1828 JOSHUA MARSHMAN Autograph Letter Regarding Controversy, Fund-Raising, &c.
1828 JOSHUA MARSHMAN Autograph Letter Regarding Controversy, Fund-Raising, &c.
1828 JOSHUA MARSHMAN Autograph Letter Regarding Controversy, Fund-Raising, &c.

1828 JOSHUA MARSHMAN Autograph Letter Regarding Controversy, Fund-Raising, &c.

Regular price
Sold out
Sale price

Very rare and extensive 1828 autograph letter by Joshua Marshman [1768-1837] and, with William Carey and William Ward, became an integral part of the Baptist Missionary Society at Serampore.

Some sources seem to imply that it was actually Marshman who helped Carey become more productive with the mission and that all of Carey's success may well have been impossible without him. 

Marshman was a talented and gifted scholar. He worked together with Carey to translate Scripture into many Indian Languages.  

Then, in 1818, William Carey, Joshua Marshman and William Ward issued a prospectus (written by Marshman) for a proposed new "College for the instruction of Asiatic, Christian, and other youth in Eastern literature and European science". Thus was born Serampore College, which still continues to this day. 

At times funds were tight, and after a brief and false rumor alleging misapplication of funds caused the flow of funds being raised by Ward in America to dry up, Carey wrote,

"Dr. Marshman is as poor as I am, and I can scarcely lay by a sum monthly to relieve three or four indigent relatives in Europe. I might have had large possessions, but I have given my all, except what I ate, drank, and wore, to the cause of missions, and Dr. Marshman has done the same, and so did Mr. Ward." 

The present letter remains unpublished and was penned while Marshman was in England, Scotland, and Ireland raising funds for Serampore. 

"Edinburgh, June 20th, 1828

My Dear Sir [Rev. George Sample],

I have been ******* with yours of the 17th enclosing the Revelations of your Society at their last meeting. On that subject, being called to endure distress after having for so many years sought to promote the cause of God in India, I regard it as my duty to avoid expressing any feeling of resentment in return, which you will esteem a sufficient reason for my forbearing to give any opinion on the subject of these Revelations. Of your affection to us and your kind desire to furnish support for our missionary operation I cannot be insensible, but let me intreat that what you do for us may be done in the spirit of Christian love toward all engaged in the same work.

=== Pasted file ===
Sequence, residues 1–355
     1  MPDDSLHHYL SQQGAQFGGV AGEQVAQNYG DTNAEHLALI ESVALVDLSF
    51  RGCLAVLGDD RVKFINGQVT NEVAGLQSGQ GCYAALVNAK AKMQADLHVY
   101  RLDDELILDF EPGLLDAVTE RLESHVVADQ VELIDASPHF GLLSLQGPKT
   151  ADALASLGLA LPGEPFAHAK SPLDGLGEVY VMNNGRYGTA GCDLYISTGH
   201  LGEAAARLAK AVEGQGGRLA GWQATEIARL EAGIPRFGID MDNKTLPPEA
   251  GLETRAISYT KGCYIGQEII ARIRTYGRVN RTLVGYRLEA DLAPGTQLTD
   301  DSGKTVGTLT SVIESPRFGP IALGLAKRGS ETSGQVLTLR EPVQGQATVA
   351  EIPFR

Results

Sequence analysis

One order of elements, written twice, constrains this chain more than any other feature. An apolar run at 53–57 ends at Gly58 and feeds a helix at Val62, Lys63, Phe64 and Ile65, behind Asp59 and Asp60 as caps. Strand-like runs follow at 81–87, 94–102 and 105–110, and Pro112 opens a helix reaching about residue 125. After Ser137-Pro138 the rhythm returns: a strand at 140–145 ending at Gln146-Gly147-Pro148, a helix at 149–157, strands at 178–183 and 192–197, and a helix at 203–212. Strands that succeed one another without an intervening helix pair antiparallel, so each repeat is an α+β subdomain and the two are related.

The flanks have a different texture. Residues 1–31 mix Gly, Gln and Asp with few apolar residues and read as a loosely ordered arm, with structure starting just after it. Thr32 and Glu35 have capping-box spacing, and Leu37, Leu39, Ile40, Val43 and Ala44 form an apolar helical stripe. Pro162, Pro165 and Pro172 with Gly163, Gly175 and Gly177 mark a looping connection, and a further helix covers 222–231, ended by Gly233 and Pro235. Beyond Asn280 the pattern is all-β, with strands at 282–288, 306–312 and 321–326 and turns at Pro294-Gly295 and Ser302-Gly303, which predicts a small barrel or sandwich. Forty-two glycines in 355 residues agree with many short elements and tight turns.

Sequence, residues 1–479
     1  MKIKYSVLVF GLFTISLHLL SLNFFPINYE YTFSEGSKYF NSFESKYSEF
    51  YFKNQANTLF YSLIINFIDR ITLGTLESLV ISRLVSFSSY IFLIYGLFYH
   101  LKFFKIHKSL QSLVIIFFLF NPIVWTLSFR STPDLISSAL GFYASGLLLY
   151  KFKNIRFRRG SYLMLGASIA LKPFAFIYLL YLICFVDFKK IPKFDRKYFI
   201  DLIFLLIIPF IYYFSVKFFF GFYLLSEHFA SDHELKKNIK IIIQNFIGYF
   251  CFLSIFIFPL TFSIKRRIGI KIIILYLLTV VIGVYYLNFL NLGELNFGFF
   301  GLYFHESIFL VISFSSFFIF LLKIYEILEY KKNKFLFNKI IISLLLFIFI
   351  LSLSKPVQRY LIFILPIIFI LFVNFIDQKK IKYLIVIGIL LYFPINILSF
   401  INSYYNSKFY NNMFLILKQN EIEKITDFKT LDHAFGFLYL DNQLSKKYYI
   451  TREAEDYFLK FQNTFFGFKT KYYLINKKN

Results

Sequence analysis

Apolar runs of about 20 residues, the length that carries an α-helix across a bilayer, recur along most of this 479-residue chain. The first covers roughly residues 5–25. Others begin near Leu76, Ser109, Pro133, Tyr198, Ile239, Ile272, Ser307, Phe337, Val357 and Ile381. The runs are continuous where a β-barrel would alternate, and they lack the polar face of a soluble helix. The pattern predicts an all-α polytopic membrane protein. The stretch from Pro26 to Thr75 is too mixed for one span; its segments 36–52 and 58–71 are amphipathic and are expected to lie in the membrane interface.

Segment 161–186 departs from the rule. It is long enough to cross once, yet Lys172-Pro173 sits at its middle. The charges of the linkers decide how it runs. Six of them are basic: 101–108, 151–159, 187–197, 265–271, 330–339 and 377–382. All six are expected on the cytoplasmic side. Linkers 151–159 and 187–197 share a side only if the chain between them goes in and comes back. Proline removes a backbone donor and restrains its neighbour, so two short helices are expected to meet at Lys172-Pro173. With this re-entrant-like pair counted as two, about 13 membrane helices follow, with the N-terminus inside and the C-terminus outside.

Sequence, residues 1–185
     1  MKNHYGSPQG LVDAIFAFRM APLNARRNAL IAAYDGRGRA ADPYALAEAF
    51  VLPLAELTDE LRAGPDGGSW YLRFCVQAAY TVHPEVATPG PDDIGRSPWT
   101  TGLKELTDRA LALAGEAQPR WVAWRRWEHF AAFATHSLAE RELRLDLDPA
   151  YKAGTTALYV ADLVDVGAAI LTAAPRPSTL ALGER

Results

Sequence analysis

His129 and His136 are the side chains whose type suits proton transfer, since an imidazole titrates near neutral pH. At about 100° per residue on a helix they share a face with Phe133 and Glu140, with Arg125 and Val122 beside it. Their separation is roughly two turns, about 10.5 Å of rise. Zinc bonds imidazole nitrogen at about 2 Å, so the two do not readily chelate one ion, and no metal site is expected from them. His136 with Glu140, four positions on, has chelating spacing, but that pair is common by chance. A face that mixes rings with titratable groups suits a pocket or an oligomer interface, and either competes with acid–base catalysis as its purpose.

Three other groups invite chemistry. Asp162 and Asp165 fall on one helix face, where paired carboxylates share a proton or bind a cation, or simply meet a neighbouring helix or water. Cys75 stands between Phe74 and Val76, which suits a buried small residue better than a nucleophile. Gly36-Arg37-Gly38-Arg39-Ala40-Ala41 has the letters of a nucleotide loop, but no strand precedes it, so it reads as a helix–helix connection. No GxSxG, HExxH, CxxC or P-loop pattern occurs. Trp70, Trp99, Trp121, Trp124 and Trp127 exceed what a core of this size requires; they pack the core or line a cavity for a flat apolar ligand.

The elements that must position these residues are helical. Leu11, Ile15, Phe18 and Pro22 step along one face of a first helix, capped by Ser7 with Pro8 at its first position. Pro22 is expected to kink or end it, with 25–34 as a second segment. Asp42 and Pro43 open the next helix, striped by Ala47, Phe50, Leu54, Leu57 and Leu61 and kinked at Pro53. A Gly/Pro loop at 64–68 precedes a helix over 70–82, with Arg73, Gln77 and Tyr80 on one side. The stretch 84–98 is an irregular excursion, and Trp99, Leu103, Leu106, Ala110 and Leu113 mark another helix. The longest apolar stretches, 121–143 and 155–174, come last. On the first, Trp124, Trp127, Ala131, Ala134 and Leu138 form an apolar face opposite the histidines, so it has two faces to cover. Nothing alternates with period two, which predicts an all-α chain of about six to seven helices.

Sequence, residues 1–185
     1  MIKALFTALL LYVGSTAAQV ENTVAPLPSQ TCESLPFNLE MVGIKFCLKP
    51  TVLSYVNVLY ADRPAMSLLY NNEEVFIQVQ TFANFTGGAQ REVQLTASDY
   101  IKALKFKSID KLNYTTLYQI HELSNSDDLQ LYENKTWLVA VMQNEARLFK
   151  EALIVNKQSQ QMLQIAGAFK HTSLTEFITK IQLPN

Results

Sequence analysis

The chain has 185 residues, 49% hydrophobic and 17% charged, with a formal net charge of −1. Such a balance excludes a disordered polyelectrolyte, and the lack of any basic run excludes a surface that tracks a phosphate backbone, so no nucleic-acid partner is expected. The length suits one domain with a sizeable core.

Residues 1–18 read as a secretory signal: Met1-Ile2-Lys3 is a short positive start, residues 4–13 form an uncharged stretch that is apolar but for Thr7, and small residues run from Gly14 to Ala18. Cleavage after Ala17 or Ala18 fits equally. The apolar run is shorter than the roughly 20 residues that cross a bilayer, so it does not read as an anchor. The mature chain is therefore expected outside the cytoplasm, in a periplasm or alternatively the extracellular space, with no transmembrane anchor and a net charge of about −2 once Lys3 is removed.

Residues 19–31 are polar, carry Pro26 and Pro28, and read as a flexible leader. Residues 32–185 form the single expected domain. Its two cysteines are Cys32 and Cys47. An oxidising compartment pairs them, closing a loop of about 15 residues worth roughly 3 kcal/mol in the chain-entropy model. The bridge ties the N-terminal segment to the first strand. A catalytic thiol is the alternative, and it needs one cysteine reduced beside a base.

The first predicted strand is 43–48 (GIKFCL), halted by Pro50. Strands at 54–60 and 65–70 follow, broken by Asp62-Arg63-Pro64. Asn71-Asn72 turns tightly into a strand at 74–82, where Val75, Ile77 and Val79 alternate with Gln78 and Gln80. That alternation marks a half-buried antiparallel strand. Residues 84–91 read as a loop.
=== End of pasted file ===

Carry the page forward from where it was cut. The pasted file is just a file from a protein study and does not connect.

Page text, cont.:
If there have been improper feelings anywhere indulged, let us not suffer our minds to dwell upon them; let us bury them in oblivion. To support the cause of God in India is right and good; and for the desire of the friends in Newcastle to support that part of it which we are seeking to promote, I feel thankful to God and grateful to them.

I hope I shall be able to visit you before I embark for India, which I fear cannot be until the beginning of next year. But as it is so necessary for me to avoid whatever might be made an occasion of blame, would it not be better for me to be with you at another time rather than when you are proposing a resolution for appropriating a part of your funds to the support of the cause with us?

This should be your own act in every sense of the word; and I think it would be better for me not to be there at that time. But at another time, when I can be with you without the possibility of that which is in itself good being evil spoken of, I shall rejoice to be with you.

Mr. Anderson proposes being at Bedford next Lord's day, and will be with you Thursday or Friday on his return to Scotland. You can then converse with him at leisure. The friends I have been with in Scotland appear very cordial in our cause; but to what extent and in what particular way they will support it, I have not yet been able to ascertain. The Bath friends have decided on supporting our operations, and letters I have just received from Bristol and Dublin inform me that the same friendly disposition toward us is operating there. At Liverpool and Bradford too, Serampore is not forgotten; and I trust God will raise up friends elsewhere until support be fully provided. Perhaps it will be best, as they are so widely distant from one another, to have them at every place, to do all that is in their hearts for Serampore in their own way.

With Christian love to all with you who love us,

I remain
Yours very affy,
J. Marshman"